Iran says 22,000 people arrested in protests have been pardoned by leader

Dubai, United Arab Emirates — Iran announced Monday that the country’s supreme leader has pardoned more than 22,000 people arrested during recent anti-government protests that have swept the Islamic Republic. There was no immediate independent confirmation of the massive release.

The statement by Iranian justice chief Gholamhossein Mohseni Ejehi offered for the first time a glimpse of the full extent of the government crackdown following protests over the September death of 22-year-old Mahsa Amini, who had been detained by the country’s vice police. .

It also suggests that Iran’s theocracy now feels safe enough to admit the scale of the unrest, which represented one of the most serious challenges to the establishment since the aftermath of the 1979 Islamic Revolution. Tens of thousands have also been detained in the purges that followed the revolution.

However, anger remains in the country as it struggles with a collapsing national currency, the rial, economic hardship and uncertainty over its ties to the rest of the world after the collapse of the nuclear deal of Tehran in 2015 with world powers.

State news agency IRNA quoted Ejehi as announcing the figure on Monday. Iranian state media had previously suggested that Supreme Leader Ayatollah Ali Khamenei could forgive many people getting angry in the protests, ahead of the Muslim holy month of Ramadan, when the pious fast from dawn to dusk. Ramadan starts later next week.

Ejehi said a total of 82,656 prisoners and accused persons have been pardoned. Of those, some 22,628 were arrested amid the protests, he said. Those pardoned had not committed theft or violent crimes, he added. His comments suggest the true total of those detained in the protests is even higher.

In February, Iran acknowledged that “tens of thousands” had been arrested during the protests. Monday’s recognition of Ejehi offered even higher value than campaigners had previously cited. However, no mass prisoner releases have been documented in recent days by Iranian media or activists.

More than 19,700 people have been arrested during the protests, according to Human Rights Activists in Iran, a group that tracks the crackdown. At least 530 people were killed as authorities violently suppressed protests, the group said. Iran has not offered a death toll for months.

“From day one, there has been no transparent accounting of who has been arrested and imprisoned – before or after the mass protests of recent months – which is why there is no way to verify how many are released now,” said Jasmin Ramsey, deputy director of the American Center for Human Rights in Iran.

“We also know that more than five months after the death of (…) Mahsa Amini in police custody, not a single Iranian official has been held responsible for the massacres of street protesters, nor for the arbitrary imprisonment of dozens of thousands of people.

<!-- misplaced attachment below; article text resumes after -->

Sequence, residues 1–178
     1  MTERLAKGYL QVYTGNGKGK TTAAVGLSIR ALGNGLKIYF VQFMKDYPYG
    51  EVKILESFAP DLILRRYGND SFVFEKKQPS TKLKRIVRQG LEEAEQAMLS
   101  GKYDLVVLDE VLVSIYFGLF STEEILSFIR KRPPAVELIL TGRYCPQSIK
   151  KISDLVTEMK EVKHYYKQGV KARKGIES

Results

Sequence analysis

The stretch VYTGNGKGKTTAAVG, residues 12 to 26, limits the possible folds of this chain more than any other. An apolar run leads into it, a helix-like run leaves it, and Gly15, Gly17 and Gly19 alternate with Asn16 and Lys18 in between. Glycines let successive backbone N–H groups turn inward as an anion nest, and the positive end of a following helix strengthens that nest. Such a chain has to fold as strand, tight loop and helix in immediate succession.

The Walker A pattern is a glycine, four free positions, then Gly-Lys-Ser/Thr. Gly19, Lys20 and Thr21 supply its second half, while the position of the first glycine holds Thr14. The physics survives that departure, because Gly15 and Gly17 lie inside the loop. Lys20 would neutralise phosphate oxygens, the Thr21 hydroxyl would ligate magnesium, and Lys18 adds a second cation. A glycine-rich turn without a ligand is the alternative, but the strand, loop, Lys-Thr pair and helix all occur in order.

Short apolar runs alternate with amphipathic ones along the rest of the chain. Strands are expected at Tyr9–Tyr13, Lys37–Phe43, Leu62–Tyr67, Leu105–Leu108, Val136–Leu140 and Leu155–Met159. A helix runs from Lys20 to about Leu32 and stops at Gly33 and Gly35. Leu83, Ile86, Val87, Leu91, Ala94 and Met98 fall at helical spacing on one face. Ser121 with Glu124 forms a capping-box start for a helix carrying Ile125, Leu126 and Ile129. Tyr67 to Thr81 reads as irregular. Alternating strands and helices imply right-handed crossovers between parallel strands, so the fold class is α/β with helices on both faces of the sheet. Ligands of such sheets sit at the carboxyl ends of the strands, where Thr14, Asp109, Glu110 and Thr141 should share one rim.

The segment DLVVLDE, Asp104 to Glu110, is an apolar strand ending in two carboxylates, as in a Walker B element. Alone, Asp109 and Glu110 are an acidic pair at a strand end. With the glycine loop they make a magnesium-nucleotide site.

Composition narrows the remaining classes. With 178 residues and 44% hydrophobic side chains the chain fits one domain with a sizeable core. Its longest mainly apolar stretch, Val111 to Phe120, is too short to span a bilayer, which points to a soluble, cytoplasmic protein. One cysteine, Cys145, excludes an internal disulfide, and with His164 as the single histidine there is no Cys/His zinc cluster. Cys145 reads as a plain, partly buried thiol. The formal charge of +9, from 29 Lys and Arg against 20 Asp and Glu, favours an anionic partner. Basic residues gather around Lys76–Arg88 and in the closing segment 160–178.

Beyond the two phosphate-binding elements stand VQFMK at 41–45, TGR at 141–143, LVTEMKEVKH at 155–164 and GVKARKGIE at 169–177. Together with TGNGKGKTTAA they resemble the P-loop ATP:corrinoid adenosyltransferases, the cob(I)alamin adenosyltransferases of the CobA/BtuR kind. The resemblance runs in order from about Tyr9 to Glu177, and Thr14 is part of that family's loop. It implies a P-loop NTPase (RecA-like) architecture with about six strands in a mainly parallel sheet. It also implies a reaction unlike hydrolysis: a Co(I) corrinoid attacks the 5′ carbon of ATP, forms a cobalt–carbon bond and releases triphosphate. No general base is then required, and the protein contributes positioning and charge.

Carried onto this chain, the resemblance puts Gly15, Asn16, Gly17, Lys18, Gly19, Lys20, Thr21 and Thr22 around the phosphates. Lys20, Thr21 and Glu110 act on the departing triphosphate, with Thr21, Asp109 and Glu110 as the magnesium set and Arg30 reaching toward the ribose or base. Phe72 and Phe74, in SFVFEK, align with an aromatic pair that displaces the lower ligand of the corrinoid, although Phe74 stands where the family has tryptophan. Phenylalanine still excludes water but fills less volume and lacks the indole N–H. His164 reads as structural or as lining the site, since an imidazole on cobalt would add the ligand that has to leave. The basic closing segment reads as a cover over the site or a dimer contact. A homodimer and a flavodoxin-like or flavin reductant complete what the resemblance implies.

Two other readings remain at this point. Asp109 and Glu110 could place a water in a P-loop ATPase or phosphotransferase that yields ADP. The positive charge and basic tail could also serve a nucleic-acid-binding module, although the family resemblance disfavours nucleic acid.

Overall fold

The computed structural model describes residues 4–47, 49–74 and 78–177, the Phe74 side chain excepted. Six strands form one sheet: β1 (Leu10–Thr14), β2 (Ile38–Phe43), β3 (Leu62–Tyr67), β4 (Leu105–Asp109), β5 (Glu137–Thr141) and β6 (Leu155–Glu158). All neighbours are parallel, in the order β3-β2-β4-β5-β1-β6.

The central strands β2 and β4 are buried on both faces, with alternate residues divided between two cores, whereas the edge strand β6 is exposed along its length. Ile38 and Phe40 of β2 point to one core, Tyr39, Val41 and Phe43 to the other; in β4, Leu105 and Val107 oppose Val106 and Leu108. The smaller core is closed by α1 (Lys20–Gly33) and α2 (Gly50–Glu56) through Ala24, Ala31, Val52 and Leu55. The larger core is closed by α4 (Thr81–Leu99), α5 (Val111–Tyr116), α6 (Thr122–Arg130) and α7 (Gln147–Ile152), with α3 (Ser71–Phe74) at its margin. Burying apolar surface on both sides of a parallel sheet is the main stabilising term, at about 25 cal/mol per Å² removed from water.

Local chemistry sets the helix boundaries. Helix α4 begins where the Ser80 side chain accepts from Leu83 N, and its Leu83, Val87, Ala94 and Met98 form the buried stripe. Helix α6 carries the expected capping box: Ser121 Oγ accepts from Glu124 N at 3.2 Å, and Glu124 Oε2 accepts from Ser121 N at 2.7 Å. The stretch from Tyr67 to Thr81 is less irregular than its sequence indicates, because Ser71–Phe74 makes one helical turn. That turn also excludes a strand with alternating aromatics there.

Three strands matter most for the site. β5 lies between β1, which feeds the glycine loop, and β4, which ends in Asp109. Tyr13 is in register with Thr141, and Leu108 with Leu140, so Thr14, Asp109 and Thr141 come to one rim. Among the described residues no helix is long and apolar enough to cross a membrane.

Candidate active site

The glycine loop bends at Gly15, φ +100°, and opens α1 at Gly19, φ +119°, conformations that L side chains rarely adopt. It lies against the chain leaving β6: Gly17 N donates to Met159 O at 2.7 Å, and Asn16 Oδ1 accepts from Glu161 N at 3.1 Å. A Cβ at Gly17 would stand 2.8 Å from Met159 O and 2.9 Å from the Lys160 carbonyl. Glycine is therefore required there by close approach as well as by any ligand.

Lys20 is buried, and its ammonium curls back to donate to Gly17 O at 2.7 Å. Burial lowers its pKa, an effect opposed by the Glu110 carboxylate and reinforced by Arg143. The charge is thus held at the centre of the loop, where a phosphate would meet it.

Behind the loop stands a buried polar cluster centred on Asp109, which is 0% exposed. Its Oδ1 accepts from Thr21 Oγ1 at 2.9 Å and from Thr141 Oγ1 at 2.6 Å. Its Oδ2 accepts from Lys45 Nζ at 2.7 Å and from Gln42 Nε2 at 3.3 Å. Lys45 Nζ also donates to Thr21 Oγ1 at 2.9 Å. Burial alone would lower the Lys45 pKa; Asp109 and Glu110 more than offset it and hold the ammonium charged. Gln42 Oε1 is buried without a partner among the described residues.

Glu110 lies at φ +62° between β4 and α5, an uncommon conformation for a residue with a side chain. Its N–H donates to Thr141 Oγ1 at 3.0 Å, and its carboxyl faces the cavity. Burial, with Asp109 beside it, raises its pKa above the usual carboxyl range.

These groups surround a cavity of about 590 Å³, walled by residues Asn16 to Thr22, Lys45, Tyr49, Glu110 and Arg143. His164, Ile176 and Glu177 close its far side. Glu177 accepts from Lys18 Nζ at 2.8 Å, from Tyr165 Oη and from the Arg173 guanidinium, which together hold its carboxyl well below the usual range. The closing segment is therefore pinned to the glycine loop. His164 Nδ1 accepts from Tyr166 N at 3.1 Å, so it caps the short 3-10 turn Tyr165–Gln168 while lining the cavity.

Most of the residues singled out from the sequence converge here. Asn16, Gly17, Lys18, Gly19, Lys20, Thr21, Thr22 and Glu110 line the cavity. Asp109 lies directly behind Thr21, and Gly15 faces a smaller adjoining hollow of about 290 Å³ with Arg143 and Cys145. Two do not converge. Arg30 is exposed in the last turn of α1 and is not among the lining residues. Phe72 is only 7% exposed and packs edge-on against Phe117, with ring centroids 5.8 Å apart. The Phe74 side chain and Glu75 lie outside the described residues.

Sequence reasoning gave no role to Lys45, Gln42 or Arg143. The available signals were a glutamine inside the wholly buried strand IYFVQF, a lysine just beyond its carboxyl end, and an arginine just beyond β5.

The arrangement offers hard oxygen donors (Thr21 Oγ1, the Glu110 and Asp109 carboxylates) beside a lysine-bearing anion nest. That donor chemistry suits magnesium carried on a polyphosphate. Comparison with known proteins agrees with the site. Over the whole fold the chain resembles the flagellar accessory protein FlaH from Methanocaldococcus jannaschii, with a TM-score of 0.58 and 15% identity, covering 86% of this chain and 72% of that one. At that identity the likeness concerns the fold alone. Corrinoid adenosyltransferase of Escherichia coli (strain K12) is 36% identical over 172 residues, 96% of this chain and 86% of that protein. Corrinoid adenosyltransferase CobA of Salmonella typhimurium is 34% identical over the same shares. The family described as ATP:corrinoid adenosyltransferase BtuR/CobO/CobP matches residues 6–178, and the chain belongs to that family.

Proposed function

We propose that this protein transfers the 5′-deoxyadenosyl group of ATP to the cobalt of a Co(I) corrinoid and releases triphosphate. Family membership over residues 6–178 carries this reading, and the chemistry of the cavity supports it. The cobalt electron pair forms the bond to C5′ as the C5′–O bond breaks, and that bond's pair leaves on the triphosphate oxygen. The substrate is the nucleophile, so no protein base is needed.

The judiciary’s announcement also came ahead of next week’s celebration of Nowruz, the Persian New Year. On Tuesday, some in Iran also mark a nearly 4,000-year-old Persian tradition known as the Fire Festival linked to the Zoroastrian religion. Hardliners discourage such celebrations, viewing them as pagan remnants.

There had been calls for anti-government protests around both events. While mass protests have died down in recent weeks, nightly chants against Iran’s theocracy can still be heard in parts of Iran’s capital, Tehran.

The announcement follows a major development last week, when Iran and Saudi Arabia said on Friday that, with the mediation of China, they had agreed to restore diplomatic relations and reopen embassies after a freeze. seven-year relationship. The deal could help end Yemen’s years-long war, which sees a Saudi-led coalition battling Iran-backed Houthi rebels who hold its capital, Sanaa. This has also helped boost the rial in recent days against the dollar.

Meanwhile, Belarusian President Alexander Lukashenko visited Tehran and met his Iranian counterpart, Ebrahim Raisi, on Monday. Iran provided the bomb-carrying drones that Russia is now using in its war against Ukraine. Lukashenko, the authoritarian ruler of Belarus, remains close to Russia, which used Belarusian territory to launch Moscow’s invasion of Ukraine.

Lukashenko said his country and Iran would sign an unspecified set of agreements worth $100 million.

Iran “opposes external pressure, tries to impose someone else’s will,” Lukashenko said, addressing his hosts. “And how, despite everything, you are developing modern technologies and nuclear energy. And, as we decided today with the Iranian president, we can be very useful to each other if we really join our efforts.


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ABC News

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